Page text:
European ultimatum over UN troops as Bosnian talks restart

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The Independent Online
THE prospect of United Nations forces pulling out of Bosnia-Herzegovina resurfaced again yesterday amid an outbreak of fighting in northern Bosnia and just 48 hours before US, Russian and European foreign ministers were to relaunch the faltering peace process for the former- Yugoslav republic.

UN observers confirmed yesterday that the shelling of Serb-held Brcko by Muslim- led Bosnian government forces on Tuesday night killed a pregnant woman and two children, heightening tension in a potential new flashpoint. Apparently in response, Bosnian Serbs yesterday shelled the centre of Tuzla.

While both sides have been building up forces in the area for what could be Bosnia's next big battle, the Serbs have been warned by Nato not to attack Tuzla or any of the five other UN-declared 'safe areas'.

It is against this background that Alain Juppe, the French Foreign Minister, arrived in Washington yesterday, saying that should the United States, Russia and Europe fail to agree on a Bosnian peace plan, then European countries may have no choice but to withdraw their forces.

'If there is no political settlement of the Bosnian crisis within the next weeks, maybe the withdrawal of the Unprofor (United Nations Protection Force) will be inevitable,' said Mr Juppe.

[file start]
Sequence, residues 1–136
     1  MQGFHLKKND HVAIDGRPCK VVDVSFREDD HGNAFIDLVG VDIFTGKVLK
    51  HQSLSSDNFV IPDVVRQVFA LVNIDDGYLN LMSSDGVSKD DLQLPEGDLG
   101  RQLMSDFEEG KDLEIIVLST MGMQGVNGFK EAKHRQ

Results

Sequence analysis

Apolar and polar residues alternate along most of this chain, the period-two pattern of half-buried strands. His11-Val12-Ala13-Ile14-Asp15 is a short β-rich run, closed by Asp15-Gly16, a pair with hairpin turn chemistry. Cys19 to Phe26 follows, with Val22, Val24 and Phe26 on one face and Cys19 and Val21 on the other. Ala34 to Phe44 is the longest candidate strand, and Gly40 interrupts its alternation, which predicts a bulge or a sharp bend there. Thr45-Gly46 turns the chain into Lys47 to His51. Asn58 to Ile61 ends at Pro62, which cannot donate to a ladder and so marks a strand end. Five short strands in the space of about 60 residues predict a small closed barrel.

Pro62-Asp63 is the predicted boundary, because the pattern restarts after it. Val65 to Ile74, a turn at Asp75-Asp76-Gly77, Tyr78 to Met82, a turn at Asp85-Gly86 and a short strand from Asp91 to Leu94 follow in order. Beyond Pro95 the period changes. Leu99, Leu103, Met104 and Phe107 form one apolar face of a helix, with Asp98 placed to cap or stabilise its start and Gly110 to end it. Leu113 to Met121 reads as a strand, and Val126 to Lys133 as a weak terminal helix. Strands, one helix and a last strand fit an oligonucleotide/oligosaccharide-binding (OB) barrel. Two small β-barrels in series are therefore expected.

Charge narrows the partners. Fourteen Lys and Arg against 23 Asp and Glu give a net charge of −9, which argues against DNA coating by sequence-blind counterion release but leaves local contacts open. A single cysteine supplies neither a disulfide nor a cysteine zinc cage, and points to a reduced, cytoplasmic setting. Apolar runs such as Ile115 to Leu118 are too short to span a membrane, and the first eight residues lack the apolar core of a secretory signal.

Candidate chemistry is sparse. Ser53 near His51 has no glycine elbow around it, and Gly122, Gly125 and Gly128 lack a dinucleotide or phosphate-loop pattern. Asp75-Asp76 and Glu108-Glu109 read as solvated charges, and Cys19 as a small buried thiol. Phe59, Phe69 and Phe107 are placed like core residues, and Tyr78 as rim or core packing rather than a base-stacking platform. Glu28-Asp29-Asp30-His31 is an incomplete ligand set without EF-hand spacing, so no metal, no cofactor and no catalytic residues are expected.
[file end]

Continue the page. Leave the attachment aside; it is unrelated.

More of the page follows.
Mr Juppe is reportedly representing a common European Union position before tomorrow's meeting in Geneva. The meeting is to assess progress by a 'contact group' of senior US, Russian and European Union officials, who have been talking to the Bosnian factions to try to establish a new basis for talks.

Diplomats, however, have said the US and the EU had failed to bridge differences over how to proceed. Europe wants to press Bosnia's government to accept a permanent ceasefire, which the Serbs have indicated they would accept. Washington reportedly stands by the Muslim refusal to accept such a truce on the grounds that it risks consolidating Serbian territorial gains. Earlier this year, Britain and France, the two largest UN force contributors, said that unless the warring parties agreed to seek peace, they would consider withdrawing troops.

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